Each of these options can be successful. To ensure you and your partners choose the correct option, you must mutually discuss and agree upon a strategy. Without that step, any option used will likely be unsuccessful.

 

Work Together to Co-produce Content

Are there existing or new opportunities available to work with your sponsors on series of social media posts? Sponsors want their social media inclusion on rights holders’ posts to be authentic, natural and above all, successful. Working together to create a cohesive vision and product will reduce the likelihood of “logo drop” or “sales pitch” style posts on the part of a brand. This will likely result in a higher level of trust for both the rights holder and brand.

Wimbledon and Evian worked together to produce a series, “Wimble Watch,” as part of their partnership. The series was about more than tennis: it allowed Evian to show itself to Wimbledon fans as a lifestyle. Since the series was done at the tournament, it related back to the Wimbledon brand as well. Their successful campaign showed celebrity attendees reacting to Wimbledon: the strawberries and cream, the history, and the iconic tennis matches that happen on the only grass-court Grand Slam.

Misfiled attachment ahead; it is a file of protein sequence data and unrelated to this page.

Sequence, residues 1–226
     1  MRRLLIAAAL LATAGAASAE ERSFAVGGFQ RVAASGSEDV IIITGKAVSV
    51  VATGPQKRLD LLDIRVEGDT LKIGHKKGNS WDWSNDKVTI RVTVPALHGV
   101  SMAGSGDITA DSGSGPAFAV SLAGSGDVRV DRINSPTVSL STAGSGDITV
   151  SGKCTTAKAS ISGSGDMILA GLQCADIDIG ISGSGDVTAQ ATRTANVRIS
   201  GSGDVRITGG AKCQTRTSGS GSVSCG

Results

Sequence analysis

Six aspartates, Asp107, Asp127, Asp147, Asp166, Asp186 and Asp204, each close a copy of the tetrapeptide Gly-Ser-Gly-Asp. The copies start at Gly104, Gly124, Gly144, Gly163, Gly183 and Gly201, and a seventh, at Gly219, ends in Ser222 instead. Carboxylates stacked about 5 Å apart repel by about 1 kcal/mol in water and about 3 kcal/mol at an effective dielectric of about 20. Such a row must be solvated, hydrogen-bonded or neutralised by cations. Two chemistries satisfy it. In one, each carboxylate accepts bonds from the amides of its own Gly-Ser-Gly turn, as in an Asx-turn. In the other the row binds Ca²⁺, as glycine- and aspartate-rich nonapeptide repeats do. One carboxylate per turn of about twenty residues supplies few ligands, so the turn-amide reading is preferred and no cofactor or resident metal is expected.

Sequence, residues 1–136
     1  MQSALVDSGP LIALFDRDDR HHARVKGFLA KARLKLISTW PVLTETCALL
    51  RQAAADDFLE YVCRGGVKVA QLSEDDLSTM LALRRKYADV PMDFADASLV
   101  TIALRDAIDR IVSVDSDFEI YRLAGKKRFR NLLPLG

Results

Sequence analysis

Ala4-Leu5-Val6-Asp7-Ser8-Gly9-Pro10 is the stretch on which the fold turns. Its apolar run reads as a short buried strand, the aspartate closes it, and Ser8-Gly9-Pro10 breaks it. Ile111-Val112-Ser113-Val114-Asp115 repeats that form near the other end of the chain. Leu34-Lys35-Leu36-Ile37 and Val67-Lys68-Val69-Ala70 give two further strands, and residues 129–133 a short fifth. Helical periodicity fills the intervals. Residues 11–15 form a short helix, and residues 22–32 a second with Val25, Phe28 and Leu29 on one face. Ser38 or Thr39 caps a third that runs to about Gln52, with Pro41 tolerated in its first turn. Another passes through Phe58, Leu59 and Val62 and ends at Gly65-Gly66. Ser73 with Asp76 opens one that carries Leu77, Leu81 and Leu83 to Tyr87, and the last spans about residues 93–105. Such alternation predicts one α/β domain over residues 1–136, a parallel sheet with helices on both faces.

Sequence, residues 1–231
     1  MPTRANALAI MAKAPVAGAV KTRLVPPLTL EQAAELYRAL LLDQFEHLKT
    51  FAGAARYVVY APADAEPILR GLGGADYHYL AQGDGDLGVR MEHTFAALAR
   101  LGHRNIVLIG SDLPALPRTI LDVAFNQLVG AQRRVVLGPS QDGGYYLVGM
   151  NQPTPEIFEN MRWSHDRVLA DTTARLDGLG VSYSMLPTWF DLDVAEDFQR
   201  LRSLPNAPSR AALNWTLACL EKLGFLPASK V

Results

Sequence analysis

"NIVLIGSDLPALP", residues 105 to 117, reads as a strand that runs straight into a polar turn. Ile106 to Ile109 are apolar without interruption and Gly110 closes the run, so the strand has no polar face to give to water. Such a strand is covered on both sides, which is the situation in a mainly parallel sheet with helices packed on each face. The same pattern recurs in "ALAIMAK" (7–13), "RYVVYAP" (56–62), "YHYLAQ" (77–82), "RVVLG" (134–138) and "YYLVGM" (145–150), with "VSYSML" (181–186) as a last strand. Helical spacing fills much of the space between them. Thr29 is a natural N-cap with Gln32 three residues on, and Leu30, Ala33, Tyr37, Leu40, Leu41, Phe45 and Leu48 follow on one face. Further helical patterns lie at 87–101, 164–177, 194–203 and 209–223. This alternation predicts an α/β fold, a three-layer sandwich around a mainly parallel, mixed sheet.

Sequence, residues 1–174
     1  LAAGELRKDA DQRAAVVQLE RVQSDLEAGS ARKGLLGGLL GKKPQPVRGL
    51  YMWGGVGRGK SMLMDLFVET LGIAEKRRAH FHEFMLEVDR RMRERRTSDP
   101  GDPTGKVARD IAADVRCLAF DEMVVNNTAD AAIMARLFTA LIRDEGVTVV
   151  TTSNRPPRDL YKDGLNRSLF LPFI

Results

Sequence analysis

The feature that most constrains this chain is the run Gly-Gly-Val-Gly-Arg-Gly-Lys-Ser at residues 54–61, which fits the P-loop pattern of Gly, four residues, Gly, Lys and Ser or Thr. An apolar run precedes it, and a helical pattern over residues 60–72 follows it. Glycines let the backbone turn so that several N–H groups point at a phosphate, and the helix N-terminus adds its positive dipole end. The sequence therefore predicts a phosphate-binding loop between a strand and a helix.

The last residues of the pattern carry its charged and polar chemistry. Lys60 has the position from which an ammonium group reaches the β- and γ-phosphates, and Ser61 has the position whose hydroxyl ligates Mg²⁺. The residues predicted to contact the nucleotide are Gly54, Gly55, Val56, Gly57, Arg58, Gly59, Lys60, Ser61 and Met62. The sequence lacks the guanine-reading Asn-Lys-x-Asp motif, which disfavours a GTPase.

In the News

During the lead-up promotional period for the 2018 Winter Olympic Games in Pyeongchang, South Korea, the United States Olympic Committee (USOC) Twitter account (@teamusa) featured several examples of partnership-produced photo and video series. These sponsor posts were done by Hershey’s, Milklife, Milk Bone and KT Tape and featured American Olympians.

 

Each of these series offered the sponsors involved something different. For Hershey’s, it is a platform to promote success and how the essence of success ties in with its new Hershey’s Gold product. Milklife and KT Tape are able to showcase how their products assist athletes compete in the Olympic Games. KT Tape concentrates on the physical process and preparation. Milklife connected its product to sport in a more tangential and lifestyle-based way. Brain food and superfood are hot topics, and the brand tapped into that feeling. Milklife used its partnership with the USOC and several athletes to promote what milk can help you accomplish mentally through the #MyFocus series.

 

Where Should The Social Media Spend Go?

When creating content and discussing promotion, it is important to evaluate where to put your spend. Both sponsors and rights holder should be cognizant of how the social media partnership can be mutually beneficial. By identifying social media goals, sponsors and rights holders can appropriately determine where is best to promote content. Should it be posted on the brand or rights holder channels? Find the best option for your partnership.